GS: Oh yeah, the road has always been a site of danger. The word "highwayman" predates cars; the ancient Greeks feared crossroads. The road stands for a kind of fundamental unknowability—you don't know where the road goes, you don't know who might come down it. It's a site of mystery. And it's a literal embodiment of the passage of time, and we all know what lies at the end of that: death.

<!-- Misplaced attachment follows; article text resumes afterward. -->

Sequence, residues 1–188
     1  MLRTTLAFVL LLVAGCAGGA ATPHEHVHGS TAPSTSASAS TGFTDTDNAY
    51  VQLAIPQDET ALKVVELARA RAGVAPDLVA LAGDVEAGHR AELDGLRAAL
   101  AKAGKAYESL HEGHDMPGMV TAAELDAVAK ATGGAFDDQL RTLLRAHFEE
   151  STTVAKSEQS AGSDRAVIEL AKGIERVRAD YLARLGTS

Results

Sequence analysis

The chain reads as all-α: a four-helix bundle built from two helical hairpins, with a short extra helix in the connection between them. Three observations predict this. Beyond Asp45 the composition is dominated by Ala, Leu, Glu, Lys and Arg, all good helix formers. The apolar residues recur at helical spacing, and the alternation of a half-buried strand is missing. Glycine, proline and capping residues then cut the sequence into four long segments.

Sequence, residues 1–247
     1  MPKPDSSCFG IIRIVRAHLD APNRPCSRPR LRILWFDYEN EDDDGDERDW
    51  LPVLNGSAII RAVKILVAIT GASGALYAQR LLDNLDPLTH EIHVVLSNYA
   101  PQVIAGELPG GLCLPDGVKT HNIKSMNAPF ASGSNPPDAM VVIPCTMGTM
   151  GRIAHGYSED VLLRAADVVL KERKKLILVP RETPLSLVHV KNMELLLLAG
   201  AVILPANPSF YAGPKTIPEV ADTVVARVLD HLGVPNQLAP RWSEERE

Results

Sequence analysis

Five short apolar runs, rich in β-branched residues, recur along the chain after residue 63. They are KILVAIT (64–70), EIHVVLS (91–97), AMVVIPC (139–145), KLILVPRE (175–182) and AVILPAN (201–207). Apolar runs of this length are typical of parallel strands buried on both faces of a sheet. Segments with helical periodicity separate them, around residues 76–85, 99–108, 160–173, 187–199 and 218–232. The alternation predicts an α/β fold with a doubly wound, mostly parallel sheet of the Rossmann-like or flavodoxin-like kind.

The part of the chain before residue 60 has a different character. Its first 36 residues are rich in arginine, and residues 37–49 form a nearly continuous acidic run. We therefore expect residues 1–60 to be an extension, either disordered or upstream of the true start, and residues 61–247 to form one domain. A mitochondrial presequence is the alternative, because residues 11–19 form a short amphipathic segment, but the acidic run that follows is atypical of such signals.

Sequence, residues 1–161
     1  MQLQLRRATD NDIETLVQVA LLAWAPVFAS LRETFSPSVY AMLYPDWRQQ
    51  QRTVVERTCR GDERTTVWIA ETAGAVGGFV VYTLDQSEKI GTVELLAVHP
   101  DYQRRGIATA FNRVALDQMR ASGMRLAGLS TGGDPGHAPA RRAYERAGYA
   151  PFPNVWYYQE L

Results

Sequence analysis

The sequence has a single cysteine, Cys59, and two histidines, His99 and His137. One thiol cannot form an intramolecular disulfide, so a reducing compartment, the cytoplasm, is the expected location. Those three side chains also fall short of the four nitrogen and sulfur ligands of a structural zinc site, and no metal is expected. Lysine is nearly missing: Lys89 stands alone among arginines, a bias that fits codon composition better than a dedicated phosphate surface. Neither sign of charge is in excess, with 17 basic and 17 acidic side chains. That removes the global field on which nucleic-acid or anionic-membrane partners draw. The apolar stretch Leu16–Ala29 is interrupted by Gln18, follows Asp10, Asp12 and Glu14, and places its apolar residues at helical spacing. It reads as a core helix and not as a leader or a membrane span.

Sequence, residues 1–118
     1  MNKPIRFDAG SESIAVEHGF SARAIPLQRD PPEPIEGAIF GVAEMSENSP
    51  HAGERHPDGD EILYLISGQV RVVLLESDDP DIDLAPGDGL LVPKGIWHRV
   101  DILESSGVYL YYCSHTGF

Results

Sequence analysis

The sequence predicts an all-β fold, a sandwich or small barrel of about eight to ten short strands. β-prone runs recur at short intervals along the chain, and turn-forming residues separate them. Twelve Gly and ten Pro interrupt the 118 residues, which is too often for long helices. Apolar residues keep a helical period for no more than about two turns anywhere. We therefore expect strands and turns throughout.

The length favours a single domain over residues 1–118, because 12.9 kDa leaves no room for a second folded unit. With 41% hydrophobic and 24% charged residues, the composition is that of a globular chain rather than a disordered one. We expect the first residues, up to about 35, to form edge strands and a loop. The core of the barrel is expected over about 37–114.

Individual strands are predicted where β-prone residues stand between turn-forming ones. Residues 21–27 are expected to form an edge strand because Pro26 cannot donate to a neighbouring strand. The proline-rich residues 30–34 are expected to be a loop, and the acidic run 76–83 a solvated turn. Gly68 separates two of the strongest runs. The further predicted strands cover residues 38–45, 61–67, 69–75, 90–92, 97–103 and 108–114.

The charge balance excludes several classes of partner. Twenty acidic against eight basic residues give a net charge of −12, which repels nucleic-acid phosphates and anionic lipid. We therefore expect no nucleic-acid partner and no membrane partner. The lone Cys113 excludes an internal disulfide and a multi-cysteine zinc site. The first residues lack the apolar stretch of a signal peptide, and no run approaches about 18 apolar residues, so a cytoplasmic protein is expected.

MR: I love the chapter on the way hitchhiking was seen by the counterculture of the ‘60s and ‘70s: as a way to reconnect in the increasingly disconnected world being created by freeways. I pretty naively followed in their footsteps in the late ‘90s and early 2000s, hitchhiking back and forth across the country several times, sometimes feeling vaguely afraid, but ultimately deciding (as someone who wanted to write fiction) the insight I got into people’s lives was worth it. I decided that those who stopped to pick me up were either uncommonly nice or uncommonly crazy or both, and the conversation that was expected of me, while sometimes draining, was always worth it. During the hours I spent waiting at onramps, the absurdity of the interstate system really sunk in. The gap between how much constant movement there was and how long it took me to actually get moving seemed ridiculous. Do you think the interstate system could ever be re-imagined as something that more efficiently conveyed people, as a system whose primary function was patterned after mass transit rather than personal convenience?